June 16, 2013
Brisco / Bugaboo Area, BC
There was some disagreement regarding our objective for the second day of our first ever visit into the Purcell Mountains. I figured that since we didn’t bring glacier gears then The Judge was probably a good full-day scramble objective. Eric, on the other hand, always goes for the biggest views, and he suggested to hike up Rockypoint Ridge as documented in Hikes around Invermere and the Columbia Valley which would give a nice view of Howser Towers. I wasn’t very keen on this since I thought it would be very luxury to drive up a lengthy logging road, and spend a sunny day for just a hiking objective. Ben, being the driver, chose to go the Bugaboos. I have to thank them a big time for picking this one. The trip was far from “short and easy”, and the summit view is one of my favourites to date!
With still about 2 hours daylight we decided to drive to trail-head by Saturday evening. We mysteriously missed the correct Westside Road and had to drive an extra 10 kilometers or so’s very rough logging road to get back to the major Bugaboo FSR. As soon as we left Invermere, the entire drive was on an unpaved road. The correct route wasn’t too bad though, and I’m pretty sure a small car can make to at least the trail-head for Rockypoint Creek. There were a whole lot potholes but nothing too serious. The trail-head for Conrad Kain Hut would be another 15 km in so I don’t know the condition further up. The trail-head for Rockypoint Creek is just after the 29 km marker on Bugaboo FSR.
Like the day before, we were hoping to see the alpenglow on all spires so we set up alarm at 3:30 am again, but too bad, we got too tired and my alarm didn’t work and everybody slept in until almost 7:30.. The book says 2.5-3 hours one way to the high pass, so we really didn’t expect a long day. I packed snowshoes just in case. The trail was very easy to follow for the first 1.5-2 hours or so, as we were essentially following a road up. The road was obviously not drivable. It’s designed for snowmobile travel. There were a couple large avalanche paths to cross on the way in. Once the trail goes into the forest again, the snow started, and after crossing two streams/creeks back to back we eventually lost the trail. We also had no clue where that cabin was. From here on the snow became continuous and I strapped snowshoes on which were very helpful. It was still doable without snowshoes though, but it was a lot faster on the ‘shoes. We pretty much aimed directly towards the pass through open forest. There were abundant larches at treeline and that would make this area an excellent fall camping spot.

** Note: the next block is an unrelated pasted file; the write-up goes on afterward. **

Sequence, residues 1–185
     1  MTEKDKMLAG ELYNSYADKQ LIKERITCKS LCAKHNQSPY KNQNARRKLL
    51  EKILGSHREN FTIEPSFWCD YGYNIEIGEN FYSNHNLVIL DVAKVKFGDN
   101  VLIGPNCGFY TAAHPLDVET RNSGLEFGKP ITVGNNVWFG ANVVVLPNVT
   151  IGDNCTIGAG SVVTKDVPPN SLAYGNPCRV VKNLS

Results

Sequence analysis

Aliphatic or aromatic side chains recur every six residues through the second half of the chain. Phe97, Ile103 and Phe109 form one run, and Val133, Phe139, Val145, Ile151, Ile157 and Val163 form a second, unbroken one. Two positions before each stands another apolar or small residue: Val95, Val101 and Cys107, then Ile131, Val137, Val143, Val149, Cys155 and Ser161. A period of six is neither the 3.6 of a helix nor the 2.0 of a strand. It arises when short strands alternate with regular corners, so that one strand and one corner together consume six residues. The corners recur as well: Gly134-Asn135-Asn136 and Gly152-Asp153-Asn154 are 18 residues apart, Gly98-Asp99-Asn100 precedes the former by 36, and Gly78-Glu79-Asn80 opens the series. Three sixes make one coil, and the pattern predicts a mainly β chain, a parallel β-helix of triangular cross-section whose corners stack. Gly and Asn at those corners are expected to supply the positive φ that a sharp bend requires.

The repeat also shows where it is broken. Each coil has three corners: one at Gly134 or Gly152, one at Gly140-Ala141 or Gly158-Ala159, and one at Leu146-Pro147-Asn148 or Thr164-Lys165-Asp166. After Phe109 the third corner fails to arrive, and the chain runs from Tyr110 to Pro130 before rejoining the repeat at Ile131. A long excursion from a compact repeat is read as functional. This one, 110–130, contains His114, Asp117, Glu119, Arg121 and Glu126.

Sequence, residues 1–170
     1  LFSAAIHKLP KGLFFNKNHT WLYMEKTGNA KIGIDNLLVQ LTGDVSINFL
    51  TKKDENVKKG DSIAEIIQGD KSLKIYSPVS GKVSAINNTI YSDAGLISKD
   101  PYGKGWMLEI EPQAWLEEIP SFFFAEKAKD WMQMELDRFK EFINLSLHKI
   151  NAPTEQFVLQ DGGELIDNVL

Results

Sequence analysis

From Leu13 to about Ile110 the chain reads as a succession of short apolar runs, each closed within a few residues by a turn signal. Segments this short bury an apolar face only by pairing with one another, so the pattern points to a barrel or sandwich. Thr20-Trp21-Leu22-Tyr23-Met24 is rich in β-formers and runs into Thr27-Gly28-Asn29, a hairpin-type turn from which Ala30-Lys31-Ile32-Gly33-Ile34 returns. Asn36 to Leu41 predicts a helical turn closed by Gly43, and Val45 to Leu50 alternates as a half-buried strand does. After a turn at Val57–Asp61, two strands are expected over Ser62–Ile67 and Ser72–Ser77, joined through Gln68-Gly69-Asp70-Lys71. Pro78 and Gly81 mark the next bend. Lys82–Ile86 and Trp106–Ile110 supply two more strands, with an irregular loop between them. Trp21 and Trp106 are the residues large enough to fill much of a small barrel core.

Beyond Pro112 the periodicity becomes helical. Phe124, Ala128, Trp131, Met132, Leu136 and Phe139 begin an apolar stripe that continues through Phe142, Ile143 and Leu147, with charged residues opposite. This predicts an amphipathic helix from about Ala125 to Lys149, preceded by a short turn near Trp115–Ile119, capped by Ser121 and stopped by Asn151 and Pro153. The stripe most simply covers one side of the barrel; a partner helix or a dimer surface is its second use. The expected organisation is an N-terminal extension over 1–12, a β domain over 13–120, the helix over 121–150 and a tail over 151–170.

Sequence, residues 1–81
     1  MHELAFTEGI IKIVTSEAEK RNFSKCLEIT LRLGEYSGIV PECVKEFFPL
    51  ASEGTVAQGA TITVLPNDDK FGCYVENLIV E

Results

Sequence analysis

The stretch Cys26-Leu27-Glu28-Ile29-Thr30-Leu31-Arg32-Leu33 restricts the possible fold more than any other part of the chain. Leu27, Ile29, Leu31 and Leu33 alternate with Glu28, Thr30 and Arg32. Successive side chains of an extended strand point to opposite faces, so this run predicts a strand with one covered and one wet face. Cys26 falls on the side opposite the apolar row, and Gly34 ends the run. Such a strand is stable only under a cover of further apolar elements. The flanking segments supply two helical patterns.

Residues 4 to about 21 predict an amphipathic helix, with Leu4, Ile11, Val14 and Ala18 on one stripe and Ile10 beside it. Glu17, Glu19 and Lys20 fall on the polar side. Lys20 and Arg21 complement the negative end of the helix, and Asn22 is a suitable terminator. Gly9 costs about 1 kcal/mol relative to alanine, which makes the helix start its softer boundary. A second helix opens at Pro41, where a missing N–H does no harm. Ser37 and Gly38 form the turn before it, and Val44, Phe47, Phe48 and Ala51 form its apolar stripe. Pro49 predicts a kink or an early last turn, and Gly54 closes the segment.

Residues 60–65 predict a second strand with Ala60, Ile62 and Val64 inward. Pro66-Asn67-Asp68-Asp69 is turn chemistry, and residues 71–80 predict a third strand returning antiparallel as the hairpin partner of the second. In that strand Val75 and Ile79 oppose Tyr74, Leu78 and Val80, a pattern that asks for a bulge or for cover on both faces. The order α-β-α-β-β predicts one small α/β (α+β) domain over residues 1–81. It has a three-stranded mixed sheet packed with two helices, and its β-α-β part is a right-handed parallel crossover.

There was a steep snow slope to ascend before topping out on the ridge. And once I could see the other side, oh WOW, can you believe that!! A whole panorama of all of the spires from the Bugaboos to the Vowells fully showed up. That quickly boomed up my energy, and after ditching my snowshoes I bolted up towards the summit which was still quite far away on climber’s left side. The view didn’t change much since it was a sunny day. The best viewpoint of Bugaboo Spire is near the pass. The best viewpoint of Howser Towers and Vowell Glacier is from the first false summit, and once making to the true summit we could finally see Pigeon Spire and the most difficult, Snowpatch Spire. It took us surprisingly, almost 6 hours to get up here. The elevation here is at about 2700 meters which is (surprisingly) roughly at the same height as some of the smaller spires like Eastpost.
We took a long stay on this summit. There was a brief weather window revealing the Goodsirs in the Rockies towards east. All the peaks nearby to the north and east are unnamed. They definitely deserve more attention. I will come back for the highest in that group for sure. I will also come back to this area to scramble up a couple Spires, and climb the major ones. I think everybody who has visited this area will say this is a must-visit, and it certainly only took 5 seconds to convince me after seeing them! There were more post-holing on the way down, but since it was mostly down-hill it was still fast going. We retraced our footprints/snowshoe tracks back. The old road was quite steep to hike down, and it was pretty hard on the knees.
Our round trip time was just under 10 hours, and we certainly didn’t have time for a second objective. Ben was the man on this trip. He drove 8 hours back to Edmonton all by himself. All in all this was a awesome weekend spent in the Purcells and I’m sure I’ll be back here sooner than later.